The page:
Friday, April 28, 2006

Sunni Sister speaks on Darfur

Salaam alaikum,

This weekend, on April 30th, millions around the US will march to bring attention to the modern day nightmare that is Darfur. I know that we as Muslims are overwhelmed by so much suffering in the world. It's so much that you might just feel like giving up.

Don't.

Your prayers and donations go a long way to putting pressure on this government to stop this senseless, immoral war. Whether the perpetator is Muslim or not, we have to fight to end the injustice and keep our fellow beings, especially our fellow Muslims, from being oppressors. One of the best acts of charity is to keep your brother/sister in from oppressing him/herself and others.

The media hasn't done a great job on giving the American people an accurate picture of the conflict. And there will always be people to exploit any conflict involving Muslims for their own greedy aims. (What else would they do with their free time?) But you can help and you stand up for justice.

Here's Umm Zaid's entry on what you can do to help the people of Darfur.

Also, here's a good article on the misconceptions of what's happening in the Sudan.

5 Truths About Darfur

1) Nearly Everyone is Muslim

Early in the conflict, I was traveling through the desert expanses of rebel-held Darfur when, amid decapitated huts and dead livestock, our SUV roared up to an abandoned green and white mosque, riddled with bullets, its windows shattered.

In my travels, I've seen destroyed mosques all over Darfur. The few men left in the villages shared the same story: As government Antonov jets dropped bombs, Janjaweed militia members rode in on horseback and attacked the town's mosque -- usually the largest structure in town. The strange thing, they said, was that the attackers were Muslim, too. Darfur is home to some of Sudan's most devout Muslims, in a country where 65 percent of the population practices Islam, the official state religion.

A long-running but recently pacified war between Sudan's north and south did have religious undertones, with the Islamic Arab-dominated government fighting southern Christian and animist African rebels over political power, oil and, in part, religion.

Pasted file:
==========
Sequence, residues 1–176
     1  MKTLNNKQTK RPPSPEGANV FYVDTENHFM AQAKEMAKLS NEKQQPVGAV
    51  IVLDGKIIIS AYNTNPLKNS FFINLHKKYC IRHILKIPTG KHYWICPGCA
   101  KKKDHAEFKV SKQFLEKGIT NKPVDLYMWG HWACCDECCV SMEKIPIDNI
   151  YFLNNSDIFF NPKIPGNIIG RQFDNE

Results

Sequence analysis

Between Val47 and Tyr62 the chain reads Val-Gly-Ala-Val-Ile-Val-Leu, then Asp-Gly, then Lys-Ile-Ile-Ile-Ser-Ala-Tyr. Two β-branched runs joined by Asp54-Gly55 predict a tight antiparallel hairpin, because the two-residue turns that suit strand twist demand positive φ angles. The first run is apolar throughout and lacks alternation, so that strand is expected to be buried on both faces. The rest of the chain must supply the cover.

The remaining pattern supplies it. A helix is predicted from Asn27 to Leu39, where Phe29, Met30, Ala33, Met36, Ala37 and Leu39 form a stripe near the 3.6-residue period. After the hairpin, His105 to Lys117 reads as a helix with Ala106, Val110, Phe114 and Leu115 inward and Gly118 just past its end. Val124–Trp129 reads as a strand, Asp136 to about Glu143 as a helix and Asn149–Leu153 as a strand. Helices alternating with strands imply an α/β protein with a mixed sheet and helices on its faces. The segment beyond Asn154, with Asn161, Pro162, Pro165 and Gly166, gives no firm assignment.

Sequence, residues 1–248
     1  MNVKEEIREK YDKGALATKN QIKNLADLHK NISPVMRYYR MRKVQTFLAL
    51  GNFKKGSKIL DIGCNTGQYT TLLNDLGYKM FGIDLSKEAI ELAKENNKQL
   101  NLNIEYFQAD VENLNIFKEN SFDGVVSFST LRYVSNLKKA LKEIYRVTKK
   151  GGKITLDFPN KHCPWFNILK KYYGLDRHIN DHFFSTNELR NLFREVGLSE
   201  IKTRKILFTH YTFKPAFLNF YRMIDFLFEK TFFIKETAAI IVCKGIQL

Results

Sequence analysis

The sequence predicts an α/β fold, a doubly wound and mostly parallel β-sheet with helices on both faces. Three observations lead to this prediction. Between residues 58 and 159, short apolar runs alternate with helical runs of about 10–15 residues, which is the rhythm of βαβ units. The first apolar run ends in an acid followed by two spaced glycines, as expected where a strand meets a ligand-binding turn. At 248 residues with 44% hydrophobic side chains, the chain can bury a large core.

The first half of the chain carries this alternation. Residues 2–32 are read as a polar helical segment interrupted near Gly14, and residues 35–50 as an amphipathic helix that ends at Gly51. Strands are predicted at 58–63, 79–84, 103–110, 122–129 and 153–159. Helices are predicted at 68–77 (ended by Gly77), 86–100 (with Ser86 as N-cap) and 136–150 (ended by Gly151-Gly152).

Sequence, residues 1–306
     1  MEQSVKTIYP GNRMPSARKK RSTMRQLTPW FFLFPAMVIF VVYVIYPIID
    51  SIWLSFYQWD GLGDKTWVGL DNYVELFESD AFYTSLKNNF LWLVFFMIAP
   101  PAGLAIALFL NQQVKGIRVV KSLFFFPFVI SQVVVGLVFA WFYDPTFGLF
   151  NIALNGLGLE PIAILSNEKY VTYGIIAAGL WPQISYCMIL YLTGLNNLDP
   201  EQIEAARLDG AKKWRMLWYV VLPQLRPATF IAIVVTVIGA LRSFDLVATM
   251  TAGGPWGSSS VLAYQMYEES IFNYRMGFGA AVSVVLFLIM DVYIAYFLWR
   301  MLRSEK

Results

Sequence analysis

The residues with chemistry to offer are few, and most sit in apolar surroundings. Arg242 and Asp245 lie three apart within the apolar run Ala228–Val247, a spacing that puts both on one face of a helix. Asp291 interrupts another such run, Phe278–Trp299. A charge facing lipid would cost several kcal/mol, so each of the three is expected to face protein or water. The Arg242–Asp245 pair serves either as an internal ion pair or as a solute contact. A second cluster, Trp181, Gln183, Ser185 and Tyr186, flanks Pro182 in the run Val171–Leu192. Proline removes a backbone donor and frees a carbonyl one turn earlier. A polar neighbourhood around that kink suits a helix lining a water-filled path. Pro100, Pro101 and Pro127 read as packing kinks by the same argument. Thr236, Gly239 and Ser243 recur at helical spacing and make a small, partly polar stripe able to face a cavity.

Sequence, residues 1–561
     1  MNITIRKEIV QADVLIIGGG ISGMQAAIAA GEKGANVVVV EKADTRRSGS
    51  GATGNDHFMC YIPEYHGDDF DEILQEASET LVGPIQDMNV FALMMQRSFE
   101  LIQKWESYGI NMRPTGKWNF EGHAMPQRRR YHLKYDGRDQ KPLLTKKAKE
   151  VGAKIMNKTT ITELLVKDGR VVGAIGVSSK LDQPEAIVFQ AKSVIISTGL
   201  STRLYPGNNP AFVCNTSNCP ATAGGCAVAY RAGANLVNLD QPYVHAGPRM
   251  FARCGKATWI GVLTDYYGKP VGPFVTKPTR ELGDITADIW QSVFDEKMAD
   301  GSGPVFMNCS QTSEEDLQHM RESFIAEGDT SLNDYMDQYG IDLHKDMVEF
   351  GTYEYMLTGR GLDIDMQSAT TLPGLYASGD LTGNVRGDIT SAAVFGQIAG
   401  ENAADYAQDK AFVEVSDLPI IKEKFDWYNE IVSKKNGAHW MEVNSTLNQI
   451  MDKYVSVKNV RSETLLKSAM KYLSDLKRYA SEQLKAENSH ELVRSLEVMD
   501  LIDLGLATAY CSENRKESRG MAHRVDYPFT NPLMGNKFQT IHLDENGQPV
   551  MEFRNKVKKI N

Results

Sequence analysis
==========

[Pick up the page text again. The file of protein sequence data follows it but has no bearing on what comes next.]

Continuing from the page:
"But it's totally different in Darfur," said Mathina Mydin, a Malaysian nurse who worked in a clinic on the outskirts of Nyala, the capital of South Darfur. "As a Muslim myself, I wanted to bring the sides together under Islam. But I quickly realized this war had nothing to do with religion."

2) Everyone is black

Although the conflict has also been framed as a battle between Arabs and black Africans, everyone in Darfur appears dark-skinned, at least by the usual American standards. The true division in Darfur is between ethnic groups, split between herders and farmers. Each tribe gives itself the label of "African" or "Arab" based on what language its members speak and whether they work the soil or herd livestock. Also, if they attain a certain level of wealth, they call themselves Arab.

Sudan melds African and Arab identities. As Arabs began to dominate the government in the past century and gave jobs to members of Arab tribes, being Arab became a political advantage; some tribes adopted that label regardless of their ethnic affiliation. More recently, rebels have described themselves as Africans fighting an Arab government. Ethnic slurs used by both sides in recent atrocities have riven communities that once lived together and intermarried.

"Black Americans who come to Darfur always say, 'So where are the Arabs? Why do all these people look black?' " said Mahjoub Mohamed Saleh, editor of Sudan's independent Al-Ayam newspaper. "The bottom line is that tribes have intermarried forever in Darfur. Men even have one so-called Arab wife and one so-called African. Tribes started labeling themselves this way several decades ago for political reasons. Who knows what the real bloodlines are in Darfur?"

Wednesday, April 26, 2006

Mukhtar Mai termed a powerful voice for Pakistan